London's housing shortage is putting the capital’s future at risk. The success of this great city is fuelled by its ability to attract talent, both nationally and internationally. But there is a danger that young professionals will be put off working here by growing housing costs, cramped and insecure conditions, or long and expensive commutes.
One of things that makes London so attractive to young talent is its diversity – the unique lifestyle offered by the city’s mixed neighbourhoods. So the response to the housing shortage should come not just with units, but with new and growing urban neighbourhoods. Mixed neighbourhoods with rich histories that people of all incomes, backgrounds, life stages and jobs can call home.
The shortage makes this a profound challenge. Too often we see supply pushed into two directions: housing for the relatively few who can afford to buy it, and housing for those who need (and are eligible for) social rented accommodation. Much more needs to be done to meet the needs of those on middle incomes.
The embryonic build-to-rent sector, a market of rental homes held by long-term investors, can build quickly housing that is affordable to a wide spectrum of people. Yet in the UK, this sector attracts just 3 per cent of institutional investment in property. In the US, it attracts a quarter. We need to catch up.
In America’s largest cities, renters are on a par with, or outweigh, owner-occupiers. In New York, two thirds of the population rents – double the country’s national average. I see no fundamental reason why London cannot similarly respond to what is a generational shift in renting.
So what is needed to catalyse the market? Many things, but I would prioritise two. First, a muscular approach from the mayor to bring land to the market. London needs a delivery body with teeth to bring together sites for new homes, put in place necessary infrastructure and sell plots to those who want to build – not just to housebuilders, but to housing associations, build-to-rent investors and perhaps boroughs.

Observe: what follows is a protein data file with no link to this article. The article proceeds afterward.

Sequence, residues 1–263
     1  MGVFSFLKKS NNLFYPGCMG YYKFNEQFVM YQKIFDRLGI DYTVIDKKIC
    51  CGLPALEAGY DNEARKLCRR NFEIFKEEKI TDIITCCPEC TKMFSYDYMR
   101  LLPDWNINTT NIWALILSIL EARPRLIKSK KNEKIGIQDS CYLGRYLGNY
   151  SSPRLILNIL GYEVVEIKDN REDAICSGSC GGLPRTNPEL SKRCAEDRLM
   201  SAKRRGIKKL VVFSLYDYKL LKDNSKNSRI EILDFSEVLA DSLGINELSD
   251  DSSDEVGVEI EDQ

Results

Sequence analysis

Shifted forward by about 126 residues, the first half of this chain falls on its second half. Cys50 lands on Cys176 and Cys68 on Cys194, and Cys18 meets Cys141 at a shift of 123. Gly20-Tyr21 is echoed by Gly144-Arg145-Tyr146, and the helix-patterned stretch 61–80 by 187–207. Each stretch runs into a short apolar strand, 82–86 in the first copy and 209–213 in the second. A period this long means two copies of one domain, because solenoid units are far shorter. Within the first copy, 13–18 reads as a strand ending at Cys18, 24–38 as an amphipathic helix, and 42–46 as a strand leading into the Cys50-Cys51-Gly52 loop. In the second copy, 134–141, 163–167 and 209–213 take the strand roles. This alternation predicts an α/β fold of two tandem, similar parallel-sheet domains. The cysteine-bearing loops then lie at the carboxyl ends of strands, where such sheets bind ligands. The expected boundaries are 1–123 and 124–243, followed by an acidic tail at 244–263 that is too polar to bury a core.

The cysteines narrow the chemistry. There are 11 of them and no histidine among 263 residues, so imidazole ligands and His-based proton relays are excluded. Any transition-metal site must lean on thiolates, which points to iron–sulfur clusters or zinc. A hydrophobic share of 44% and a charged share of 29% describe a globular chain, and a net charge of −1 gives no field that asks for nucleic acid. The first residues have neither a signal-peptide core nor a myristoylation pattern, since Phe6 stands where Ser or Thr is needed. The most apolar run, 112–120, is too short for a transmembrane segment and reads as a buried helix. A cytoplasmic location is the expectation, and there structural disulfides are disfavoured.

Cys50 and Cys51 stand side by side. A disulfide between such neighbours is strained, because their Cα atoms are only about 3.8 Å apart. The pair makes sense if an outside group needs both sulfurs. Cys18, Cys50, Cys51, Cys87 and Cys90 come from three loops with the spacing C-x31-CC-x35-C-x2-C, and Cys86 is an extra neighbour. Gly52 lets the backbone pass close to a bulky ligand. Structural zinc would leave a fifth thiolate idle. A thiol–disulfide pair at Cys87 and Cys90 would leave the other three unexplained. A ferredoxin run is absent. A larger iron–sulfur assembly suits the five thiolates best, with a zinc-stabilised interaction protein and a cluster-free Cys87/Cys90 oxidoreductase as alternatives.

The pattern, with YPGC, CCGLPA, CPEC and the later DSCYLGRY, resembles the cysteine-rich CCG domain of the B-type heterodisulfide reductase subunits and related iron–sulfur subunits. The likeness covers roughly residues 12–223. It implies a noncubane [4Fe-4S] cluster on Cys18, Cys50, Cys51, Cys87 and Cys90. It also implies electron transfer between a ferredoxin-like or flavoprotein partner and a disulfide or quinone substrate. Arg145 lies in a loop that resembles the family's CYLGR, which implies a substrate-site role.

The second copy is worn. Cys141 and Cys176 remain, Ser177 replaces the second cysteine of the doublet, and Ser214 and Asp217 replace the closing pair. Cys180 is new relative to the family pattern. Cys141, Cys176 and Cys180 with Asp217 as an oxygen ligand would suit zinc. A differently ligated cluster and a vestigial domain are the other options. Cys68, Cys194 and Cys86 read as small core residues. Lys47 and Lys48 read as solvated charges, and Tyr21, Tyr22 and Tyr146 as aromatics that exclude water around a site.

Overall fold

And second, we need a unambiguous city-wide policy that recognises the benefits of new rental homes. At present, build-to-rent investors just don’t know where they stand. City Hall has a broad, draft policy which each borough is interpreting differently. This ambiguity is creating a stand-off between planning authorities and the private sector, holding back substantial private capital.
Today, London First is bringing together 400 opinion formers from the property industry and housing minister Brandon Lewis to discuss the future of the build-to-rent sector. I will argue that investors and developers who want to build new rental homes in London should know what policy wants from them. So instead of the current horse-trading over a development’s contribution to affordable housing in a prolonged and open-ended negotiation, I will argue that build-to-rent developments should provide a fixed percentage of rental homes at market discounted rates for a set number of years. That’s because a fixed tariff brings certainty. These discounted homes could be held by long-term investors and be integrated with homes rented at market rates and with private, for-sale homes, to help create and sustain mixed neighbourhoods.
Solving the affordability crisis in London needs action on a number of fronts. If we move now with pace and urgency, London can get the investment in new homes that it needs to remain a global hub for talent.